Most providers offer fixed line phone plans that can be easily bundled with your ADSL. Call inclusions can vary widely between providers, with some providers offering just line rental while others will bundle in unlimited standard national calls and in some cases even international calls or low cost global calling rates.
Download / upload speeds
An extremely important thing to consider when researching ADSL plans is their download/upload speeds. This is important as it will determine how quick your internet will be. ADSL download/upload speeds max out at 8Mbps download and 384 Kbps upload, but if you are stuck with only ADSL you'll most likely get lower than those figures. ADSL2+ services can provide users with up to 24Mbps download and 3Mbps upload, but again real world figures will be lower than that on a day to day basis.
These speeds are approximations and can vary depending on how far away your business is from the exchange, with network congestion and end points also affecting speeds.
- Excess usage and 'speed shaping'
If you exceed your plan allowance your ISP may shape and slow down your download / upload speeds to a fraction of your normal ADSL speed. The shaped speed varies between providers but generally ranges around 256K/256K (download / upload). Unless your internet usage is very light indeed, you will notice the difference in speed downshift if you're shaped. Typically shaping lasts from whenever you exceed your usage quota until the end of the billing month, at which point you should resume normal speed usage.
Set up fees: Activation fees and installation charges.
When you are first setting up your internet, there are generally two main fees that you will need to pay. The first is known as the set-up fee. Starting at $50 and upwards, this fee varies depending on the provider and the type of connection you are signing up to. The set up fee will also increase if you do not have an existing or active phone line at your businesses location.
Some providers offer to waive the setup fee if you sign up to a 24-month contract. When researching which provider to choose or plan to sign up to, always be aware of how much you will be charged for the initial setup.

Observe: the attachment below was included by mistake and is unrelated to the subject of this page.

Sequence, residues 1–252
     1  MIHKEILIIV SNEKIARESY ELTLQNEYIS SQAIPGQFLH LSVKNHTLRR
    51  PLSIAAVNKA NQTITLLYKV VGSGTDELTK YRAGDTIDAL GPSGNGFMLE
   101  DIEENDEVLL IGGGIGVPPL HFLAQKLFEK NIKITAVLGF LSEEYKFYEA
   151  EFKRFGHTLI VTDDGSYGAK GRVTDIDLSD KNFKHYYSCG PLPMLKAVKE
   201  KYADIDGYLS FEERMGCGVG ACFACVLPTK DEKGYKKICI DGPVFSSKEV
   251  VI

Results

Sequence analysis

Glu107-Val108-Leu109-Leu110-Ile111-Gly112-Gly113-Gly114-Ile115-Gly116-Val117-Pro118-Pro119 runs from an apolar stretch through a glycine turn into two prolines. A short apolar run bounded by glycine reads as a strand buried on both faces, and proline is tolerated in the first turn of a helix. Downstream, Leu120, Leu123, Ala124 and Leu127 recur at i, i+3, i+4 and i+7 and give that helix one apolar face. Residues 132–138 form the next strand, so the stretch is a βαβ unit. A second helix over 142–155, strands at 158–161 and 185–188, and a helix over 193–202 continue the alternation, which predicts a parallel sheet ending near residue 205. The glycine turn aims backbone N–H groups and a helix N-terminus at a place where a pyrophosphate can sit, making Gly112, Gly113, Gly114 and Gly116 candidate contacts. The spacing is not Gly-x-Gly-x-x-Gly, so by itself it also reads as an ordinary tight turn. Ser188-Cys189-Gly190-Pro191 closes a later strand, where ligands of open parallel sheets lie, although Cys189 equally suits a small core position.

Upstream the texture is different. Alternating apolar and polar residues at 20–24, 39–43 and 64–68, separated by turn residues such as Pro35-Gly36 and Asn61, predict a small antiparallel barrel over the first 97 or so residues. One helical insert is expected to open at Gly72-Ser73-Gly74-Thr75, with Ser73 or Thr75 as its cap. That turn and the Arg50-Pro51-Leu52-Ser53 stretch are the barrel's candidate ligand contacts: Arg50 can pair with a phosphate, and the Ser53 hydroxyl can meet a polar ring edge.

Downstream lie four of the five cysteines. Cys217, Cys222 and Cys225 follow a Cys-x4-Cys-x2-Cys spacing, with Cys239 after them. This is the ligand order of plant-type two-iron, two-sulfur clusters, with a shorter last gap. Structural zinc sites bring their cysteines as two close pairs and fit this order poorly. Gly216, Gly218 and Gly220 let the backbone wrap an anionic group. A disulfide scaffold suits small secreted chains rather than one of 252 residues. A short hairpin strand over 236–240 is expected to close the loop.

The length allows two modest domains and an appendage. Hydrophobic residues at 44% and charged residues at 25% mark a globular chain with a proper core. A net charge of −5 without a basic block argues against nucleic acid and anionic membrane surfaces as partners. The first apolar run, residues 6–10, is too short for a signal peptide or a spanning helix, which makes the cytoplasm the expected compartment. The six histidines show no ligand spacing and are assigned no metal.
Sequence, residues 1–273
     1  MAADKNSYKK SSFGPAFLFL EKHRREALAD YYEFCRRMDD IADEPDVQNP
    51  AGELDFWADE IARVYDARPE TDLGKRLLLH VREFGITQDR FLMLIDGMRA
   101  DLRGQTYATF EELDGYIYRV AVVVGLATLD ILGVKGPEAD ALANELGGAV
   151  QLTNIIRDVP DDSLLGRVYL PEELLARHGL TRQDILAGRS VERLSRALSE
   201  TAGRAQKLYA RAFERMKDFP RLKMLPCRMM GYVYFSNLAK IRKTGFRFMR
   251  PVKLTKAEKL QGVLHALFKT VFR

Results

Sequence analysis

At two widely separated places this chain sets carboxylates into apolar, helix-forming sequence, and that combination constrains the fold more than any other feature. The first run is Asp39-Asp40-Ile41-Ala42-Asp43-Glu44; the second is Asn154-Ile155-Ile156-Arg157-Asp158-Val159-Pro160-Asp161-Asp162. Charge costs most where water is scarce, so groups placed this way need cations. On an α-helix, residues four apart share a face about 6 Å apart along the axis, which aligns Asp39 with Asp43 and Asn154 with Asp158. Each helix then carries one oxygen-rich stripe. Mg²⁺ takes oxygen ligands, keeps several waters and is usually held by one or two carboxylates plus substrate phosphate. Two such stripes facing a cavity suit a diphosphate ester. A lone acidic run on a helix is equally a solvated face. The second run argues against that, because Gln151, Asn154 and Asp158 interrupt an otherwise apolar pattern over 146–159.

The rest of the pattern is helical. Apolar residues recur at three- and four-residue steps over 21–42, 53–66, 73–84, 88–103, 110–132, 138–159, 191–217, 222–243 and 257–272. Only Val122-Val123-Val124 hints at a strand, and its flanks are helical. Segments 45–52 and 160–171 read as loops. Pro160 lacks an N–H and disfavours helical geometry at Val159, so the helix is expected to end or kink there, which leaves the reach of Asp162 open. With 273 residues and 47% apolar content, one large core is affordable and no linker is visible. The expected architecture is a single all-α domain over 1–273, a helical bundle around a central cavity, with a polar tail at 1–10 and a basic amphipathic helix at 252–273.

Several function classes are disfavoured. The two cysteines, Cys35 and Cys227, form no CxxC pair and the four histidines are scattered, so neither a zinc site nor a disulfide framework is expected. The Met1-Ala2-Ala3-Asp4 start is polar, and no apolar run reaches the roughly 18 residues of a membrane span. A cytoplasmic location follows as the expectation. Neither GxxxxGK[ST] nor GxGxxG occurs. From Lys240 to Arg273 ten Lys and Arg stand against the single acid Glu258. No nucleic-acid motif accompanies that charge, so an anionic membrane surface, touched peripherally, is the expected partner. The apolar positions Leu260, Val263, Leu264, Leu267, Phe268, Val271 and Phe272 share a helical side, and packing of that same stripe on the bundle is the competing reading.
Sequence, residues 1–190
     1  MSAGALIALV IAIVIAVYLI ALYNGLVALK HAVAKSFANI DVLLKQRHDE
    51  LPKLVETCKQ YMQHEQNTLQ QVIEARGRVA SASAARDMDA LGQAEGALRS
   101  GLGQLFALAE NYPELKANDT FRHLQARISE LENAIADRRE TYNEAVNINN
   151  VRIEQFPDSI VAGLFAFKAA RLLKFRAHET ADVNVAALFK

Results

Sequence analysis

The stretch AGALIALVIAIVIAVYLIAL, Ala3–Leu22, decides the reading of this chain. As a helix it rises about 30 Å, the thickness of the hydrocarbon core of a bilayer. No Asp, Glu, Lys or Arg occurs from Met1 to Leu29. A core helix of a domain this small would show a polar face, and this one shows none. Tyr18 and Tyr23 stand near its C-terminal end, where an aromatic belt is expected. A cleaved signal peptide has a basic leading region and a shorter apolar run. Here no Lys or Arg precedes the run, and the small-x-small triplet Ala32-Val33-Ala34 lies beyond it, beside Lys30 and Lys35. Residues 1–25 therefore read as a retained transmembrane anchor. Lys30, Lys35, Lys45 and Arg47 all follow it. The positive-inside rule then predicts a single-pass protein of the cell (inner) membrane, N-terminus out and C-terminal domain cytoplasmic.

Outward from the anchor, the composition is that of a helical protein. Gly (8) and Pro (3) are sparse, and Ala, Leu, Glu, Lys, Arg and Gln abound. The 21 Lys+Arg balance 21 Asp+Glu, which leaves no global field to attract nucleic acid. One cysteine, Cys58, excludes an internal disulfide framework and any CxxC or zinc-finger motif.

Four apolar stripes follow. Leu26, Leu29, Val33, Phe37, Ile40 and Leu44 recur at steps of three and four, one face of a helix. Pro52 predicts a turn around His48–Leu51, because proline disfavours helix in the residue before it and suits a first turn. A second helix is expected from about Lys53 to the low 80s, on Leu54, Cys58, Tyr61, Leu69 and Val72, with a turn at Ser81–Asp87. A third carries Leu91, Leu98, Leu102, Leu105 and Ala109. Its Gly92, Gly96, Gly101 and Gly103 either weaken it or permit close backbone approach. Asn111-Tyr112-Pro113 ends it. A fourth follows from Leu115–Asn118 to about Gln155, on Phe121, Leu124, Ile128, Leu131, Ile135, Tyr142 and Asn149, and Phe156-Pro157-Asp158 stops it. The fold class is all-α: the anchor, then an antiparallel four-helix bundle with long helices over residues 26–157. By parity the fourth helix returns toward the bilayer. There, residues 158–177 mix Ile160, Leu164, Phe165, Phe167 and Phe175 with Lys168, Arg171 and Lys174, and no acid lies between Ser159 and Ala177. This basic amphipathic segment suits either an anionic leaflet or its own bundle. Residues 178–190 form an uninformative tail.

Early termination charges
If you sign up to either a 12-month or 24-month contract, you are locked into those contracts for that period of time. Though, if you need to cancel your contract or service agreement with your provider, you can.
What follows is an ETC (Early Termination Charge) that you will receive on your final bill. The amount that you will be charged varies depending on the contract terms and the provider, with some being based on the amount of time you have left when you cancelled your contract.
All information about ETC’s will be present within the Critical Information Summary of the plans.
A static IP address can benefit businesses who need a fixed IP address. Static IP addresses are ideal for businesses who require employees to log in to the company's server using a Virtual Private Network (VPN) or other remote access solutions that trust certain IP addresses for security reasons. Static IP addresses are standard features of business broadband plans and are offered by most providers.
Receiving support when your internet connection is experiencing difficulties is vital towards the profitability and life of your business. To ensure that your business has the right support, the following services are available with broadband plans:
- Technician support. Provide in-person visits with your installation to help you connect your devices and computers.
- Designated support. Business customers can look forward to 24/7 support online and through the phone. Business support now features live chat and video chat with technical experts to resolve your problems immediately. Video troubleshooting allows you to see and communicate with the technician to solve the problem faster, helping you save valuable time.
- Service history and tracking. ISP's are differentiating business support from consumer services by allowing business customers to stay informed with active support tickets.
Additional benefits with ADSL plans
Broadband bundles often provide additional benefits, although these are typically more consumer-focused fare, coming in the form of entertainment and gaming bonuses. ISP’s can offer streaming for sports including NRL/AFL and memberships to streaming services such as Netflix and Stan.
Steps to apply for ADSL
- Check that your address is eligible for ADSL with the ISP you are interested in applying with.